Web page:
### D.38 Time-de­pen­dent per­tur­ba­tion the­ory

The equa­tions to be solved are

To sim­plify the use of per­tur­ba­tion the­ory, it is con­ve­nient to use a trick that gets rid of half the terms in these equa­tions. The trick is to de­fine new co­ef­fi­cients and by

 (D.22)

The new co­ef­fi­cients and are phys­i­cally just as good as and . For one, the prob­a­bil­i­ties are given by the square mag­ni­tudes of the co­ef­fi­cients, and the square mag­ni­tudes of and are ex­actly the same as those of and . That is be­cause the ex­po­nen­tials have mag­ni­tude one. Also, the ini­tial con­di­tions are un­changed, as­sum­ing that you choose the in­te­gra­tion con­stants so that the in­te­grals are ini­tially zero.

The evo­lu­tion equa­tions for and are

 (D.23)

with . Ef­fec­tively, the two en­ergy ex­pec­ta­tion val­ues have been turned into zero. How­ever, the ma­trix el­e­ment is now time-de­pen­dent, if it was not al­ready. To check the above evo­lu­tion equa­tions, just plug in the de­f­i­n­i­tion of the co­ef­fi­cients.

It will from now on be as­sumed that the orig­i­nal Hamil­ton­ian co­ef­fi­cients are in­de­pen­dent of time. That makes the dif­fer­ence in ex­pec­ta­tion en­er­gies con­stant too.

Now the for­mal way to per­form time-de­pen­dent per­tur­ba­tion the­ory is to as­sume that the ma­trix el­e­ment is small. Write as where is a scale fac­tor. Then you can find the be­hav­ior of the so­lu­tion in the lim­it­ing process by ex­pand­ing the so­lu­tion in pow­ers of . The de­f­i­n­i­tion of the scale fac­tor is not im­por­tant. You might iden­tify it with a small phys­i­cal pa­ra­me­ter in the ma­trix el­e­ment. But in fact you can take the same as and as an ad­di­tional math­e­mat­i­cal pa­ra­me­ter with no mean­ing for the phys­i­cal prob­lem. In that ap­proach, dis­ap­pears when you take it to be 1 in the fi­nal an­swer.

But be­cause the prob­lem here is so triv­ial, there is re­ally no need for a for­mal time-de­pen­dent per­tur­ba­tion ex­pan­sion. In par­tic­u­lar, by as­sump­tion the sys­tem stays close to state , so the co­ef­fi­cient must re­main small. Then the evo­lu­tion equa­tions above show that will hardly change. That al­lows it to be treated as a con­stant in the evo­lu­tion equa­tion for . That then al­lows to be found by sim­ple in­te­gra­tion. The in­te­gra­tion con­stant fol­lows from the con­di­tion that is zero at the ini­tial time. That then gives the re­sult cited in the text.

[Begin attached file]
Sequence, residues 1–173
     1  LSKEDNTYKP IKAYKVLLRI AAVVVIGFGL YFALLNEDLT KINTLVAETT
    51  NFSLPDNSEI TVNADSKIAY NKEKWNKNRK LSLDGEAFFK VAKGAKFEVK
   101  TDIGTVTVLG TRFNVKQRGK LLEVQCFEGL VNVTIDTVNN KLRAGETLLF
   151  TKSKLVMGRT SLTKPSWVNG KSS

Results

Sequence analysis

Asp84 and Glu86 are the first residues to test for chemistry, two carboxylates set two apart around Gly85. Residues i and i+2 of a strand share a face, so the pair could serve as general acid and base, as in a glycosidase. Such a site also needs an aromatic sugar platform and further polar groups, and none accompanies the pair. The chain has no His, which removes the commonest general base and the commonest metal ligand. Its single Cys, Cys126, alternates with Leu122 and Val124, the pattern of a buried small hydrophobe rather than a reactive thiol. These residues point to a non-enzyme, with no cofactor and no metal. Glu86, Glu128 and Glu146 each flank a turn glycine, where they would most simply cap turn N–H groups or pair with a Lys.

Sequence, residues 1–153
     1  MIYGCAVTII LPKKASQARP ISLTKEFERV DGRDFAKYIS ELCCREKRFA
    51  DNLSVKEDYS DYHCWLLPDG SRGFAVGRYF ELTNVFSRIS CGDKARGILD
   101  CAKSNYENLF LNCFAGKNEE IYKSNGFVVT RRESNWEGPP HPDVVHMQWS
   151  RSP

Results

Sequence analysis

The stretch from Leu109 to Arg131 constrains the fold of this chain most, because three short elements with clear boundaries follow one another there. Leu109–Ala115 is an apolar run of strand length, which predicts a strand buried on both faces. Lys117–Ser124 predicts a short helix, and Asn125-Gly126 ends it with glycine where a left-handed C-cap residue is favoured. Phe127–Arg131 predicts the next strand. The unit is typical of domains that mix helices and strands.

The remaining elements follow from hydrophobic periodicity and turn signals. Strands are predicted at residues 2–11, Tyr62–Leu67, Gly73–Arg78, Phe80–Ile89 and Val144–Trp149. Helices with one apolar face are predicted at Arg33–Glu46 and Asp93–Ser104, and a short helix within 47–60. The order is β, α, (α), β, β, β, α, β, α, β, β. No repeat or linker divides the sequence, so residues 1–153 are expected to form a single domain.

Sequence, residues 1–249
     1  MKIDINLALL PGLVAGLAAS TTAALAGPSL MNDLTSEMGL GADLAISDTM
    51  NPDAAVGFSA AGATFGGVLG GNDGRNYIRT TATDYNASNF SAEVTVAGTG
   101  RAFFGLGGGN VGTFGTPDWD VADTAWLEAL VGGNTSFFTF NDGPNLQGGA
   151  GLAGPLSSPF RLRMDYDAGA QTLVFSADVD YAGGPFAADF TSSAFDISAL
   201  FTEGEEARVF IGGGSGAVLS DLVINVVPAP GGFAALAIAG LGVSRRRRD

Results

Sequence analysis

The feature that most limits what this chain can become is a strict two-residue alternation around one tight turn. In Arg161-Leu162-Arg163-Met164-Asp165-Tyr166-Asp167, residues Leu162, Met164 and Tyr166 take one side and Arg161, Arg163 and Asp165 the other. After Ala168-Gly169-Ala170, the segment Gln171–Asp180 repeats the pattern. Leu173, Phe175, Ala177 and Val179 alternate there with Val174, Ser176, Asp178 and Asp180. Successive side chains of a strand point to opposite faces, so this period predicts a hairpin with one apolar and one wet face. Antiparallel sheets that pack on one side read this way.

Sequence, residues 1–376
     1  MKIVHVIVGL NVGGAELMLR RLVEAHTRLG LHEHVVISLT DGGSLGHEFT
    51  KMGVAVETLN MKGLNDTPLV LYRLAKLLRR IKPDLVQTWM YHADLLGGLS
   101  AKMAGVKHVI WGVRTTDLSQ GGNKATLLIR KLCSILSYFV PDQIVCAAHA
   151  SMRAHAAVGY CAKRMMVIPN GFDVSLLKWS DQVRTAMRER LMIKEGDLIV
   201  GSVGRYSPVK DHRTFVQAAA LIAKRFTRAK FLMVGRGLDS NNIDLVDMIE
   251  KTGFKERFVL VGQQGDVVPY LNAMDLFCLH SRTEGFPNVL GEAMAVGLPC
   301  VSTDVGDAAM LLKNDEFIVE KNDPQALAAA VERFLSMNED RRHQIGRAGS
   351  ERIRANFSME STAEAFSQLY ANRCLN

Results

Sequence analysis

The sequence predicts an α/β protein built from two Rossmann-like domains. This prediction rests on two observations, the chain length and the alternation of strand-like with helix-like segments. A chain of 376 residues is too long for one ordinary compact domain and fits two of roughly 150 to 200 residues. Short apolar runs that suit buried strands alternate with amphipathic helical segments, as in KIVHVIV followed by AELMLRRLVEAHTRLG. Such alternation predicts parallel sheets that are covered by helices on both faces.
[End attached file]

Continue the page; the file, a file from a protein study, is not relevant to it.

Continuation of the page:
It may be noted that for the analy­sis to be valid, must be small. That en­sures that is cor­re­spond­ingly small ac­cord­ing to its evo­lu­tion equa­tion. And then the change in from its orig­i­nal value is small of or­der ac­cord­ing to its evo­lu­tion equa­tion. So the as­sump­tion that it is about con­stant in the equa­tion for is ver­i­fied. The er­ror will be of or­der .

To be sure, this does not ver­ify that this er­ror in de­cays to zero when tends to in­fin­ity. But it does, as can be seen from the ex­act so­lu­tion,

By split­ting it up into ranges no larger than and no larger than 1, you can see that the er­ror is never larger than or­der for no larger than 1. And it is of or­der out­side that range.

Fi­nally, con­sider the case that the state can­not just tran­si­tion to one state but to a large num­ber of them, each with its own co­ef­fi­cient . In that case, the in­di­vid­ual con­tri­bu­tions of all these states add up to change . And must def­i­nitely stay ap­prox­i­mately con­stant for the above analy­sis to be valid. For­tu­nately, if you plug the ap­prox­i­mate ex­pres­sions for the into the evo­lu­tion equa­tion for , you can see that stays ap­prox­i­mately con­stant as long as the sum of all the tran­si­tion prob­a­bil­i­ties does. So as long as there is lit­tle prob­a­bil­ity of any tran­si­tion at time , time-de­pen­dent per­tur­ba­tion the­ory should be OK.